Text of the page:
Tales of the Strange by a Korean Confucian Monk ~ By Sisup Kim
(Dennis Wuerthner, trans., University of Hawaii Press, Honolulu, 2020, ISBN #978-0-8488-2594)
Review by Bill Drucker (Winter 2021 issue)
This modern English translation of the early Choseon-era prose fiction Kumo Sinhwa (New Tales of the Golden Turtle) is a collection of five fanciful tales by the poet/scholar Sisup Kim (1435-1493), a major literary figure in the Choseon period (1392-1897). Written in the Chinese literary style, the stories have become classical Korean fiction.
The Kumo Sinhwa is an example of classical Korean literature of the period. This new study of the oldest surviving edition of the five tales examines the heavy influence of Chinese literary style from the Ming Dynasty (1368-1644) and the Manchu Qing Dynasty (1644-1912), in addition to the Korean cultural influence. Chinese literary style heavily influenced Korea and Japan during that period. The work also ties in Korean, Chinese and Japanese history.
The attributed author Sisup Kim was a celebrated Buddhist-Confucian scholar and writer. In the centuries after his lifetime, there were biographies written about him. Generations of Kim’s family members were magistrates and military commanders. As a child, Kim displayed intellectual and writing gifts. It is said that even King Sejong heard of this precocious child.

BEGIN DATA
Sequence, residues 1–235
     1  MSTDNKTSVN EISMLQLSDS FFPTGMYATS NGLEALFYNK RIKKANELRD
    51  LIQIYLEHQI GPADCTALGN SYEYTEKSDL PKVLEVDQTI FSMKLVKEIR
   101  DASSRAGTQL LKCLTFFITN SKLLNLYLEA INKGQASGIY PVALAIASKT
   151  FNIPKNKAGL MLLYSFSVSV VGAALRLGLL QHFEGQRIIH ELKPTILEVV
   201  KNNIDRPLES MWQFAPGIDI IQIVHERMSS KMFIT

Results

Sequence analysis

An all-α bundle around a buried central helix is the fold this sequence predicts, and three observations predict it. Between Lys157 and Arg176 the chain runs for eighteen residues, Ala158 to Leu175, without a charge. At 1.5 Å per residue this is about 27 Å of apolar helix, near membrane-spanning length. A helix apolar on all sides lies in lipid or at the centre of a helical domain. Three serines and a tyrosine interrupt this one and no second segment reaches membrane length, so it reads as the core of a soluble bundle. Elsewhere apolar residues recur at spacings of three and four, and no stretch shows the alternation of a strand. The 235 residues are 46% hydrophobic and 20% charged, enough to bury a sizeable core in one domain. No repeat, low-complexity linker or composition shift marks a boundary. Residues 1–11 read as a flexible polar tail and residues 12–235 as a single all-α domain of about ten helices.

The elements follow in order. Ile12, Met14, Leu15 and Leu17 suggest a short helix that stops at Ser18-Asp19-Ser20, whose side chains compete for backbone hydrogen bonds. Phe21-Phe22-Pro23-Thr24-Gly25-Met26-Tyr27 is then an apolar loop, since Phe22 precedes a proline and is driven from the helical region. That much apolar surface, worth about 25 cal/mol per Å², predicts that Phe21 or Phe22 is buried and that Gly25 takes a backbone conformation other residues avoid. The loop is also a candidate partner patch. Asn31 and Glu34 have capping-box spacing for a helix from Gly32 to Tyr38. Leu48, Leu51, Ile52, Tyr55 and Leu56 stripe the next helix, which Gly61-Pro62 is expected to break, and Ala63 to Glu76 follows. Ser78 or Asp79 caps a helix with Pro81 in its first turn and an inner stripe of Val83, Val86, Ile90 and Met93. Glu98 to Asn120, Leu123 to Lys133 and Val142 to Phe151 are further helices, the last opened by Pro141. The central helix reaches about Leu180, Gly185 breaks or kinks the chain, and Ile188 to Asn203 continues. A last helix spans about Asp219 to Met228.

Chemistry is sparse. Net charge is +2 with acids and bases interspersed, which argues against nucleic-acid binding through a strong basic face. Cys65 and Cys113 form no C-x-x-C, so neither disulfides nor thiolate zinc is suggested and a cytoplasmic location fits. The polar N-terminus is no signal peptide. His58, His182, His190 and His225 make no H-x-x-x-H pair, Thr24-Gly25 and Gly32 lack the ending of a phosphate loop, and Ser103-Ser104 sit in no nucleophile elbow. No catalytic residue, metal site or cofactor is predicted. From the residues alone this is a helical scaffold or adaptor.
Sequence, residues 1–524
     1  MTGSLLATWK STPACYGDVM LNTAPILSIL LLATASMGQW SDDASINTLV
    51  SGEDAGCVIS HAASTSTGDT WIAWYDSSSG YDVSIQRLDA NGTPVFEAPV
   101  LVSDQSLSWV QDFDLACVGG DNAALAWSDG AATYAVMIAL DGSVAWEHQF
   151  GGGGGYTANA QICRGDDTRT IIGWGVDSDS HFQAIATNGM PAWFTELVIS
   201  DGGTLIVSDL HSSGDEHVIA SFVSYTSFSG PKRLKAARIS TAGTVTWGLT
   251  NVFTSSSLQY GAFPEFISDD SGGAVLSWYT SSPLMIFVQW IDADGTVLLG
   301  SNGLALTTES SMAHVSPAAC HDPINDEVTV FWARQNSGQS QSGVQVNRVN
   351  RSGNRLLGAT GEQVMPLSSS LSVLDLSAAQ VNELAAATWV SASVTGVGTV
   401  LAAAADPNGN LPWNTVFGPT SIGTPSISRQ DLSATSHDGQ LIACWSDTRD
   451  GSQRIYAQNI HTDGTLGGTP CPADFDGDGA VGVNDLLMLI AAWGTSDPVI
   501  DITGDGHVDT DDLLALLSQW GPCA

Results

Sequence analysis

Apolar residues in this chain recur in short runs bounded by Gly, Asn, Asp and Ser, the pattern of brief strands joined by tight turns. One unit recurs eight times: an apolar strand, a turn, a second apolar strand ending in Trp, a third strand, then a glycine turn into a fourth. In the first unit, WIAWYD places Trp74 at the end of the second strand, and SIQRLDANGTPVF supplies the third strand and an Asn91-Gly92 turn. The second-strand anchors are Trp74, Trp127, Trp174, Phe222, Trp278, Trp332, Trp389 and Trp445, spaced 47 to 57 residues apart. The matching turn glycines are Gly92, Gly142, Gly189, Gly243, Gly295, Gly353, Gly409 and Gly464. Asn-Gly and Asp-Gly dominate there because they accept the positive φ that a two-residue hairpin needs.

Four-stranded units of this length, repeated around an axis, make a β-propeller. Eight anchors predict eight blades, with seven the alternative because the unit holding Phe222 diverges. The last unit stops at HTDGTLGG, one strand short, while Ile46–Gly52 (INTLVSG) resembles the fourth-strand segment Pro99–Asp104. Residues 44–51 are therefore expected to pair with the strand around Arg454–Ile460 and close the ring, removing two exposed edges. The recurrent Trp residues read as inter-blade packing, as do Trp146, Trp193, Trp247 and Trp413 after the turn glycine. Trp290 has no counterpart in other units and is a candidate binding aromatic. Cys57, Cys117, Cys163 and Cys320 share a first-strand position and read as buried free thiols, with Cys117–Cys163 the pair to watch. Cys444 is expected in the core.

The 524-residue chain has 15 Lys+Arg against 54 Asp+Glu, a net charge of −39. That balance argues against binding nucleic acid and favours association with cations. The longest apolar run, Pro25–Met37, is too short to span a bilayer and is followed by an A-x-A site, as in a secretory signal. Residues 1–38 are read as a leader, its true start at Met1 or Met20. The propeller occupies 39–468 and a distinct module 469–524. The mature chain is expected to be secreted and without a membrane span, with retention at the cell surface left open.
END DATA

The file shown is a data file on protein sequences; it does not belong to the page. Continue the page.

In 1453, Prince Suyang carried out a coup, seizing the throne by killing the legitimate heir Tanjong and his loyal followers, including nobles and Confucian scholars. Thus began the reign of King Sejo (1451-1468). Kim, along with literati and state officials, became sharp critics of this illegitimate king’s rule. In 1456, another coup intended to reinstate Tanjong failed, and collaborating captured officials were executed. In protest, other state officials resigned their posts or declined to serve under Sejo. Kim remained critical, not just of King Sejo but of all rulers who seize power for their own gain.
Despite the Choseon ruler conflicts, Kim kept writing, and his work culminated with Kumo Sinhwa. Notable in the stories is the fictional scholar monk who dispenses critical remarks about the characteristics of a good king.